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December 26, 2010 at 7:12 PM

Belated transcript from the Kasey Keller press conference

keller presser.jpgPhoto credit: Ted S. Warren, AP

I know that this is a week and a half after the fact — see how much was said and you might understand why it took so long — but I wanted to post everything that was said while the cameras and tape recorders were rolling last Friday when Sounders FC announced a one-year contract extension for Kasey Keller. The veteran goalkeeper and Adrian Hanauer, part owner and general manager, each had statements and took questions from reporters.

Quite a bit of the Q&A related to subjects beyond the news of that day, so I think you might be interested. Certainly the tone and context of various parts are hard to convey in print, so shoot me an email if you’re confused with any part.

* * *

ADRIAN HANAUER

(Opening statement…) “I’ll be brief. First, I just wanted to recognize a few people that may or may not be familiar. Peter McLoughlin, president of Vulcan Sports and Entertainment. Peter’s been with us now for two months and has been a great, great addition and has been awesome to the organization with Tod leaving. John Rizzardini, chief operating officer of Vulcan Sports and Entertainment, and has also been instrumental in our success over these two-and-a-half years. Gary Wright, senior vice president of business operations, calls himself the traffic cop. Gary’s been tremendous for the organization, was with the Seahawks for 32 years and has brought so much knowledge and calm and passion to our organization. Again that sort of segues in some degree into the announcement today because I know Kasey’s has had a lot of interaction with this group as well. I think he’ll be the first to tell you that Sounders FC wouldn’t be what it is today without this group and a lot of others as well — Chris Henderson standing in the doorway there. The structure allows us to bring in great players, great personalities and allows them to hopefully thrive and have success on an individual level and a team level, because you need the infrastructure and organization and facilities and planning and support in the background so that you can focus on doing your job.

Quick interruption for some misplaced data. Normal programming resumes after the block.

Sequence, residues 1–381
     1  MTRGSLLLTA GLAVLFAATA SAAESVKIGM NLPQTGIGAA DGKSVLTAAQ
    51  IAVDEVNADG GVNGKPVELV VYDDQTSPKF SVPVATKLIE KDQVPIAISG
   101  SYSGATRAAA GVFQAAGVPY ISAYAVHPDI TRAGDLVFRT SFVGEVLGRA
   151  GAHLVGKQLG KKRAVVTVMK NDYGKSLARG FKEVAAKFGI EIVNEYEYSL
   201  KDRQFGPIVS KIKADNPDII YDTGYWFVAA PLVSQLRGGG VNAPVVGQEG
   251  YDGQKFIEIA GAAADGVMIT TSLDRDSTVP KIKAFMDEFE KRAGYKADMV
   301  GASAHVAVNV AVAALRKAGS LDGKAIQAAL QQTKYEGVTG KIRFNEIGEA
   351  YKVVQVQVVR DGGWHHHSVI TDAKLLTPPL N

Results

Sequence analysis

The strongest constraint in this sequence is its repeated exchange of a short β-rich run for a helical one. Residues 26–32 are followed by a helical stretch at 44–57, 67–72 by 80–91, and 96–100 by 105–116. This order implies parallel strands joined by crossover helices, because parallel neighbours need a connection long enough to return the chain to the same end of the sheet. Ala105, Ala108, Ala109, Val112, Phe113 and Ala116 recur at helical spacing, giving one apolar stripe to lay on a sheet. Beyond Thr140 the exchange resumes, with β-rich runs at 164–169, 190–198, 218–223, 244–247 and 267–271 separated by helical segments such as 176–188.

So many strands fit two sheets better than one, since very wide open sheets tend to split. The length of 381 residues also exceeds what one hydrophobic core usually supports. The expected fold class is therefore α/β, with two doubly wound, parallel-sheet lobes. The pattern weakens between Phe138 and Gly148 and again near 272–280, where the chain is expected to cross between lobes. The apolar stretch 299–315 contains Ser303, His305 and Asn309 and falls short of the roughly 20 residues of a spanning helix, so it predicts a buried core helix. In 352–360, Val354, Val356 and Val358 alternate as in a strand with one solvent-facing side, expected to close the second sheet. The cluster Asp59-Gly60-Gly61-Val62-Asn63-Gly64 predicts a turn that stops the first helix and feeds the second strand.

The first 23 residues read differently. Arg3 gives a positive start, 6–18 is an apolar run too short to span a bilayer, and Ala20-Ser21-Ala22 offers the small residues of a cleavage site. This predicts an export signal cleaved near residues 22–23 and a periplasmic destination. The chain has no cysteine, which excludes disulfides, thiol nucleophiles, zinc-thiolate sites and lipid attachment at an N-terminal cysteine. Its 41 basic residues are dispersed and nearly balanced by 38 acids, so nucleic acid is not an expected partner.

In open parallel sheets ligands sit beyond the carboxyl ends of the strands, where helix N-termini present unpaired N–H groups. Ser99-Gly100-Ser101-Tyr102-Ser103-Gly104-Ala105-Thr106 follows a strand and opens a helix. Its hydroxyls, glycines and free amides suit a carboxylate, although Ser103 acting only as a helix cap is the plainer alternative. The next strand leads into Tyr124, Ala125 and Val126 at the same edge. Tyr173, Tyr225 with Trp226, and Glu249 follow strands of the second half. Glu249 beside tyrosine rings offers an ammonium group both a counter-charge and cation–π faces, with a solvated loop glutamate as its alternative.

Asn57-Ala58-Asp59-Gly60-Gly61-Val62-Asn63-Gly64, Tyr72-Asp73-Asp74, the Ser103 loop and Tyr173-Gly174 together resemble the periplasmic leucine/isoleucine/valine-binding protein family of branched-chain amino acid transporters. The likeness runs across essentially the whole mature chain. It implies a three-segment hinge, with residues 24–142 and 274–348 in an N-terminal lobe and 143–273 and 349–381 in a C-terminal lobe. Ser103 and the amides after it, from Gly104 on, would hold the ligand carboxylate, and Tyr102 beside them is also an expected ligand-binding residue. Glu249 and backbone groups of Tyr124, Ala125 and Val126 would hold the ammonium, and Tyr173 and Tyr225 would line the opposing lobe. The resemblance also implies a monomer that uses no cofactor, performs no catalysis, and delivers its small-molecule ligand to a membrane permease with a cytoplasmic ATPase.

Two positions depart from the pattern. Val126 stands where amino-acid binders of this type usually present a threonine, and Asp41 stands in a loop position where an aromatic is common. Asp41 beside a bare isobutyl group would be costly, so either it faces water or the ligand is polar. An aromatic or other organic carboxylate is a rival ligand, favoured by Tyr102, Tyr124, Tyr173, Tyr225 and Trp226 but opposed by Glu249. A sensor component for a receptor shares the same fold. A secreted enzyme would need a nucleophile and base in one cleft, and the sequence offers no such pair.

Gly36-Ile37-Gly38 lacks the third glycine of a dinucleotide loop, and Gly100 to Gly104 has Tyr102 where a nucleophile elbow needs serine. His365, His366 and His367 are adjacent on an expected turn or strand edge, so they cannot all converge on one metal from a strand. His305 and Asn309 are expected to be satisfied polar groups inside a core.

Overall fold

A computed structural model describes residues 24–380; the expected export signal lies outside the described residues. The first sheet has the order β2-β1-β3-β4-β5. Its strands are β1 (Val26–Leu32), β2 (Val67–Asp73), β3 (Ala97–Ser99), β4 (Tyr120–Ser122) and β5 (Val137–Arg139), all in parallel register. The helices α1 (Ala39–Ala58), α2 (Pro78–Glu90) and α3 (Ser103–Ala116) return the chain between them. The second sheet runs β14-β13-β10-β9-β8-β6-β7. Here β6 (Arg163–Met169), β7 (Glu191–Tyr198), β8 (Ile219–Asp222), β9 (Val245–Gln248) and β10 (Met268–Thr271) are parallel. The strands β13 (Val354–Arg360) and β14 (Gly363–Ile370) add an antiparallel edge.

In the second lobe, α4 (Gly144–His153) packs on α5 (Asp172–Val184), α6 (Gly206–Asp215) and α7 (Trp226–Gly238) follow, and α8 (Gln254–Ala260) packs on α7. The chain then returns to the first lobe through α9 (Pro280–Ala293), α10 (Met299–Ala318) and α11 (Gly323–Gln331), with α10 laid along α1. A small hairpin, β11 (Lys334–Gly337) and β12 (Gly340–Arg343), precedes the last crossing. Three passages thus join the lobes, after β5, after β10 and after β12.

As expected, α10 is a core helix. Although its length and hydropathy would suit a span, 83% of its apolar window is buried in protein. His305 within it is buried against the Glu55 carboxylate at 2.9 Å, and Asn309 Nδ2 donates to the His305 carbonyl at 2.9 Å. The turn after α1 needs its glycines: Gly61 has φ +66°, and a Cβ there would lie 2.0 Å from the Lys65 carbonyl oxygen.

“With that said, we are obviously very, very happy again today — I think the last time we were here I was saying ‘to bring this young man back,’ I’m not sure I’ll say that today — (to bring) this gentleman back for one more year with Sounders FC. I’m not sure words can describe how valuable he has been to this organization on and off the field. It’s funny, it seems like just a few months ago we were in London having dinner together talking about what could, might, should, possibly be with MLS coming to Seattle and the opportunity for him to come home with his family. It’s funny. Time flies when you’re having fun and the last two years have definitely been fun.

“I’m not going to go into the statistics and the numbers and all that detail. I think that everyone in this room has watched enough of the games to know that Kasey has been tremendous in the goal, as a leader of the defense back there, more shutouts this year than last year is obviously a testament, especially with some of the movement in and out with the back four. Kasey has just been the total rock, the stability in the back for the team.

“Again, as much as I talk about the on the field, the off the field is equally important and impressive with what Kasey has been able to accomplish. He really has become the face of our franchise. Certainly the most recognized player on the team and one of the most recognized American soccer players of all time. It’s been just an amazing asset for us to have as we build this franchise and try to build the brand locally but, as we have said many times, build it globally. Kasey has been such a valuable asset on the field and off the field and over time has become a very good friend of mine, of the entire organization. He and his wife Kristin and their kids have become part of the Sounders family.

“We’ve certainly talked about what that may or may not translate into going forward, beyond his playing days. Kasey will certainly always be a part of the Sounders family and it’s likely and hopeful that he will be involved beyond his playing days. I don’t want to retire him before he’s retired. With that, we are very happy today that we are announcing that Kasey will be back for the 2011 season and again will hopefully help us get over the finish line and get an MLS Cup, which I know he would be thrilled to do, especially with the Cascadia Cup, the introduction of the amazing rivalries that will be happening in 2011.”